Our Liaison, Fr. Chuck Wood offers this teaching for our edification and encouragement.
Conquer (Yourself) Overwhelmingly through Christ.
Brothers and sisters:
What will separate us from the love of Christ?
Will anguish, or distress, or persecution, or famine,
or nakedness, or peril, or the sword?
No, in all these things we conquer overwhelmingly
through him who loved us.
Romans 8:35, 37
The rousing declaration above, “… we conquer overwhelmingly,” is likely more familiar as, “… we are more than conquerors.”
This fresh wording is from the official translation for English-language Masses in the U.S. To expand on this translation, I’ll tell you a trashy story. But first let’s explore what it might mean to “just” conquer or to be “just” a conqueror.
In this passage, St. Paul lists externals such as “distress, or persecution… or peril.” Let’s apply his exhortation to our internal battles against sin, temptations, and weaknesses. Though personal, victories in these areas boost our freedom to advance God’s will in the world.
To state the obvious, to conquer personal wrongdoing is to stop doing it. Or with sins of omission, to start doing whatever we’ve been neglecting.
But one way to conquer overwhelmingly, to be more than a conqueror, is to follow a principle for boosting spiritual freedom which people particularly associate with St. Ignatius of Loyola. It is “Agere contra,” a Latin phrase meaning “to act against.”
This principle directs us to combat our temptations, sinful tendencies, and weaknesses not only by not giving in to them, but by deliberately doing opposite things.
To illustrate this tactic, here’s the trashy story I promised you. Well strictly speaking it’s about recycling and refundables, not trash. And it’s true.
It involves a middle-class man who harbored judgmental resentment toward people lower on the socioeconomic ladder who, as he saw it, swoop through neighborhoods scrounging for refundable bottles and cans as soon as homeowners put out their trash and recycling.
Thinking about “those people,” this guy pictured them as grungy homeless derelicts who likely spent the refund money on drugs and liquor, sponging off folks like him who’d actually paid the bottle-and-can deposits and did the “hard work” of putting the trash and recycling out every week.
A Christian, he pictured himself as fair-minded. He didn’t see himself as prejudiced or guilty of rash judgement and of bigotry based on class distinctions. But all those supposed virtues went right out the window when he, well, looked out the kitchen window and saw “those people.”
He came to recognize his thoughts toward the “refundable collectors” as prejudiced. He said to himself, “I shouldn’t feel this way.” But he kept on feeling it anyway.
One day, he lost his wallet. He looked everywhere he could imagine. The next day, two strangers came to his house. One of them said, “We dumped stuff from your recycling bin yesterday. And when we got home and sorted, we found your wallet. Here it is.”
Its contents were intact. No fraudulent credit card purchases occurred. These folks had integrity. They’re just trying to make ends meet. They probably figure, “If people with more comfortable lives don’t bother returning the refundables, why should the refund go to waste?”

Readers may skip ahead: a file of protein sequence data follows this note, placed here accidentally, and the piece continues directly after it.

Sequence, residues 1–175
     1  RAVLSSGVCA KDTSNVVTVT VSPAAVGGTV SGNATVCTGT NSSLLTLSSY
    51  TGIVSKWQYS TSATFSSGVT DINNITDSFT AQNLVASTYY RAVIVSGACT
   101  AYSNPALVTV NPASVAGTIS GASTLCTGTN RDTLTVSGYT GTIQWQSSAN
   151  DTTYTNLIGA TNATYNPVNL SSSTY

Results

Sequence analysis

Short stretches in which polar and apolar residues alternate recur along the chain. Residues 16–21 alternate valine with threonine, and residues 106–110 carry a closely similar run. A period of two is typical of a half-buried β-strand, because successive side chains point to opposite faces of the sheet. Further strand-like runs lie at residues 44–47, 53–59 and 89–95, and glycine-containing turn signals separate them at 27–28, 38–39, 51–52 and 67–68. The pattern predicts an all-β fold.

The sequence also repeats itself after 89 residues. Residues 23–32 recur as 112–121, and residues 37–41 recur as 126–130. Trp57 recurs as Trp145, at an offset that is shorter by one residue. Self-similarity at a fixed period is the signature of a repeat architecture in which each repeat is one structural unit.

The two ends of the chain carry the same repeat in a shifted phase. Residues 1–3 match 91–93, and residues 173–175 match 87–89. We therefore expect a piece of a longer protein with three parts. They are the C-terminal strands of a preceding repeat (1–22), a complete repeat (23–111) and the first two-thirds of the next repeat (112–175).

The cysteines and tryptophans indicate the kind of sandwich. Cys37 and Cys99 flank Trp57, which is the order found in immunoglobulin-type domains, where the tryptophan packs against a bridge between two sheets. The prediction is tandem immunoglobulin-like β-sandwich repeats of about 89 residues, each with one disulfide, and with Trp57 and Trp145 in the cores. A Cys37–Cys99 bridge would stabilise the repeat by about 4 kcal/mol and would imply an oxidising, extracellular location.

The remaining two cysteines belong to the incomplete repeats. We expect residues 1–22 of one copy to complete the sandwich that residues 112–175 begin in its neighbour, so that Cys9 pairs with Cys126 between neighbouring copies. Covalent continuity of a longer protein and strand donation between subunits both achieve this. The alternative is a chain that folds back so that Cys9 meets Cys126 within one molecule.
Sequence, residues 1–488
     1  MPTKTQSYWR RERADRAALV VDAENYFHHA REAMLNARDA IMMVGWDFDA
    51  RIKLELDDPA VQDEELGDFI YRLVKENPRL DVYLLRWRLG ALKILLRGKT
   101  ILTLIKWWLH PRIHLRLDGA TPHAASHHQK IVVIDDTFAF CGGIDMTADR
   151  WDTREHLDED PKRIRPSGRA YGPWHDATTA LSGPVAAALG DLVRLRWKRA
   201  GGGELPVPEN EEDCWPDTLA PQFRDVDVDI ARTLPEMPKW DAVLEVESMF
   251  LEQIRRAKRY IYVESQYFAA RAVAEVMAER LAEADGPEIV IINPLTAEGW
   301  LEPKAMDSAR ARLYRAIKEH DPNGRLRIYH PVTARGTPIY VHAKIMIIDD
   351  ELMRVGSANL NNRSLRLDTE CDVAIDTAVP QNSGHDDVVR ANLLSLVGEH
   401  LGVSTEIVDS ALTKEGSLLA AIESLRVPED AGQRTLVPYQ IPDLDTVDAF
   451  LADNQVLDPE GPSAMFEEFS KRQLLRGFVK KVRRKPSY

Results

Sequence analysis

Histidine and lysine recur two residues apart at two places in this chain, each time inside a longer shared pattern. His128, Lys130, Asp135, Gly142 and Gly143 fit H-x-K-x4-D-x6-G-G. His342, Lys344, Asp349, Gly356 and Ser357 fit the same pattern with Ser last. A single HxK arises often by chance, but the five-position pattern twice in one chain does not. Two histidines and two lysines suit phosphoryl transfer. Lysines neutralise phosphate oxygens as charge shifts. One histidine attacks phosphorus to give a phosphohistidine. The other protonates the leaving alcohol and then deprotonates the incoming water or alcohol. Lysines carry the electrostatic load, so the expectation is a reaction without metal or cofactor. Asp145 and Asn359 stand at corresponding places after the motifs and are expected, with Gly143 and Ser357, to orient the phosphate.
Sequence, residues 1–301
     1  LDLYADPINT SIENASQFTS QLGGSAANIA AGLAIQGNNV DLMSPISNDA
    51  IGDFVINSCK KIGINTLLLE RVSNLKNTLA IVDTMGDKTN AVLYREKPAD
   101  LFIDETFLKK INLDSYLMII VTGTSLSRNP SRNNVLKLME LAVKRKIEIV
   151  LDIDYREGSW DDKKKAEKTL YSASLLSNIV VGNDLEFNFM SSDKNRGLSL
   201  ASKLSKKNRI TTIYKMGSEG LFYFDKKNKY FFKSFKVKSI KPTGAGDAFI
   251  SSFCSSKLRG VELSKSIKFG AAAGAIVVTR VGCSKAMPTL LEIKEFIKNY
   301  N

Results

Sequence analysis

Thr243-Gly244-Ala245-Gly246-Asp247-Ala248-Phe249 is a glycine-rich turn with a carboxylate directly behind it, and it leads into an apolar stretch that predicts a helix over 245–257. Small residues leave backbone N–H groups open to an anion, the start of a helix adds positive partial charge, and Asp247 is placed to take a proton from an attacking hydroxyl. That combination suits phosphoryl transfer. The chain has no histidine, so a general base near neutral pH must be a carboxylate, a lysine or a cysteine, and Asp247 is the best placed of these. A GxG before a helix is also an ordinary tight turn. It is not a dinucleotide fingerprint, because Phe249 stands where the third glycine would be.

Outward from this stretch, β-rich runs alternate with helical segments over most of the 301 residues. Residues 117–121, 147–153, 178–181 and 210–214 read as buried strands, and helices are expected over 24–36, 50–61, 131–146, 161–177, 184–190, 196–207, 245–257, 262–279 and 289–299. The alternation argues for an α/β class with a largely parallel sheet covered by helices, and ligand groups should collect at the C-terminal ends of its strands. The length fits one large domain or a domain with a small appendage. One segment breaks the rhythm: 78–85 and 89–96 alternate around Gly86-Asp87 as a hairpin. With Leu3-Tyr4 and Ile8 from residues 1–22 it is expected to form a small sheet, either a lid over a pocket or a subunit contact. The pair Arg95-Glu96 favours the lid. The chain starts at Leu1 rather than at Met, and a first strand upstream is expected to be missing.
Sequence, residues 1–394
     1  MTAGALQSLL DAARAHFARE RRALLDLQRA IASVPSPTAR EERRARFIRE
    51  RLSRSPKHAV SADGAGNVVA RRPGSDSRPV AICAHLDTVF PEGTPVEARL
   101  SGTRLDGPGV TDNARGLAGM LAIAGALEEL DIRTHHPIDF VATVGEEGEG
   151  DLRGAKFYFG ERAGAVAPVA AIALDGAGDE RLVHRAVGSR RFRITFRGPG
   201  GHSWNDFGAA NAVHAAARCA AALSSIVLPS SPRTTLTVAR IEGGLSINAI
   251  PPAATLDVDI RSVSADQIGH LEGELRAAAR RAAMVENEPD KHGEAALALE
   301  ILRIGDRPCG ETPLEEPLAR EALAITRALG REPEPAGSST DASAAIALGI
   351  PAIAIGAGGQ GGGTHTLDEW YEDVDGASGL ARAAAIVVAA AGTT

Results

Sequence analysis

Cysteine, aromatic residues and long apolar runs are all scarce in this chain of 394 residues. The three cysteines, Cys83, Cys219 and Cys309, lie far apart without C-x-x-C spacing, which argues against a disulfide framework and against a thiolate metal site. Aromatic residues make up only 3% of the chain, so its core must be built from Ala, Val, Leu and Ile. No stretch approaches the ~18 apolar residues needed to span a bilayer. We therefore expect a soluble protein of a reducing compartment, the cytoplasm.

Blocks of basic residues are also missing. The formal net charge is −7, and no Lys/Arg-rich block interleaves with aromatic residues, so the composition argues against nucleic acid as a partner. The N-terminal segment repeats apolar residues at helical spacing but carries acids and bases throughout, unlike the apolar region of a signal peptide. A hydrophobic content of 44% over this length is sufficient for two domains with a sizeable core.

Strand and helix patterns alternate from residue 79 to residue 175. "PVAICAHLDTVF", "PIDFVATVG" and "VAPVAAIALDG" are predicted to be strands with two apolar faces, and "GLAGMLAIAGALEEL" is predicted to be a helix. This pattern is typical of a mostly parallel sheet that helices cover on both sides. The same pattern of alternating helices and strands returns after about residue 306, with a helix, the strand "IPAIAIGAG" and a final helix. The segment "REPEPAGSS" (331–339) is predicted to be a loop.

After that encounter, whenever angry judgmental attitudes toward folks sorting through other people’s trash and recycling rise up in him, he combats it, rejects it. With that rejection, he conquers his uncharitable mental sin. But recently, the Lord prodded him to conquer it overwhelmingly in a deceptively small way. See, now when he takes the recycling out, he sorts the refundables and puts them on one side of the bin so it’s easier for people to take them.
Yes, that may seem inconsequential. But for this man, a softened heart is the godly consequence of helping people he used to dislike as they pursue an action he used to disapprove. He’s not just stopping a bad attitude but doing the opposite of what that attitude would tempt him to think and do.
To sort through our thoughts, attitudes, and actions toward people who differ from us, let’s ask God’s help. He might swoop through our hearts and minds, cleansing them like he cleansed the Temple. And he’ll likely give us the chore of taking out our own trash, including sins against charity and justice. He’ll do that because he loves us.
And in him who loves us, we conquer—and overwhelmingly conquer—ourselves. That victory boosts our freedom to serve God in his battle against blights such as bigotry and prejudice, which God clearly intends to conquer overwhelmingly.
Aside from being our Archdiocesan Liaison, Fr Chuck is Pastor of St Wenceslaus in Scappoose, OR and is a member of the People of Praise.
MARK YOUR CALENDARS!! Saturday April 24, 2021. A Day of Renewal with Fr. Tim Furlow speaking on Metanoia – Continuing Conversion. The day will start at 11 am with music by Dave and Dawn Bentz.
This event is completely virtual. Only the musicians and the Service Team will be onsite.
It is a wonderful opportunity to receive good solid teaching right from your own home. To reach this virtual event, please go to www.youtube.com/c/stpatrickpdx .
Dave Bentz has over 15 years of experience in professional leadership of Catholic worship and audio services. He served with REACH Ministries. He comes from a very musical family who have supported the Charismatic Renewal for generations. Dave and Dawn have a life-long passion for musicianship, evangelism, and servant leadership and own dB Audio. For more information, please see their facebook page, www.facebook.com/davebentzaudio.
We are planning another virtual event for you this fall. Hopefully, next year we can meet in person. Please keep the Service Team in your prayers.